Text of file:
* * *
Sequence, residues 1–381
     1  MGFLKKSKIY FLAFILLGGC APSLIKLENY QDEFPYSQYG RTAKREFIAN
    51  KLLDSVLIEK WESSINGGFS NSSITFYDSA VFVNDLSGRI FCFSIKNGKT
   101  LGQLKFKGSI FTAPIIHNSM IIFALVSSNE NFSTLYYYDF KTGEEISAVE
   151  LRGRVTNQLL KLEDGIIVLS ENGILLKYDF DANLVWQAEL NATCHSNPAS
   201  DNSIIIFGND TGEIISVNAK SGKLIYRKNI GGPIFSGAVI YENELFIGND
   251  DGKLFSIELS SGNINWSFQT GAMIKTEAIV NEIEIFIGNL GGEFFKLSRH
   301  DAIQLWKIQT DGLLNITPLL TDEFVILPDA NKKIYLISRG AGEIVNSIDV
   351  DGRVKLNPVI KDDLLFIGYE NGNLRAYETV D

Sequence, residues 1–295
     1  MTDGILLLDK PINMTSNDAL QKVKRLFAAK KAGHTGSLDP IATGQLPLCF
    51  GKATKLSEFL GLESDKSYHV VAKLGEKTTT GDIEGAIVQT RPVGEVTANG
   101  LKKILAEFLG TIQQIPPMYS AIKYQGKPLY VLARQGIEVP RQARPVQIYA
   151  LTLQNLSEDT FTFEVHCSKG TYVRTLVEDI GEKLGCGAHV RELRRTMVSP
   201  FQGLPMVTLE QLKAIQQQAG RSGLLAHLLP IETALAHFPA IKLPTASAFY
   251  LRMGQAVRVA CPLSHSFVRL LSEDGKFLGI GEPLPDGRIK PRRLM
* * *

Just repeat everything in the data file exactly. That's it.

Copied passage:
Sequence, residues 1–381
     1  MGFLKKSKIY FLAFILLGGC APSLIKLENY QDEFPYSQYG RTAKREFIAN
    51  KLLDSVLIEK WESSINGGFS NSSITFYDSA VFVNDLSGRI FCFSIKNGKT
   101  LGQLKFKGSI FTAPIIHNSM IIFALVSSNE NFSTLYYYDF KTGEEISAVE
   151  LRGRVTNQLL KLEDGIIVLS ENGILLKYDF DANLVWQAEL NATCHSNPAS
   201  DNSIIIFGND TGEIISVNAK SGKLIYRKNI GGPIFSGAVI YENELFIGND
   251  DGKLFSIELS SGNINWSFQT GAMIKTEAIV NEIEIFIGNL GGEFFKLSRH
   301  DAIQLWKIQT DGLLNITPLL TDEFVILPDA NKKIYLISRG AGEIVNSIDV
   351  DGRVKLNPVI KDDLLFIGYE NGNLRAYETV D

Sequence, residues 1–295
     1  MTDGILLLDK PINMTSNDAL QKVKRLFAAK KAGHTGSLDP IATGQLPLCF
    51  GKATKLSEFL GLESDKSYHV VAKLGEKTTT GDIEGAIVQT RPVGEVTANG
   101  LKKILAEFLG TIQQIPPMYS AIKYQGKPLY VLARQGIEVP RQARPVQIYA
   151  LTLQNLSEDT FTFEVHCSKG TYVRTLVEDI GEKLGCGAHV RELRRTMVSP
   201  FQGLPMVTLE QLKAIQQQAG RSGLLAHLLP IETALAHFPA IKLPTASAFY
   251  LRMGQAVRVA CPLSHSFVRL LSEDGKFLGI GEPLPDGRIK PRRLM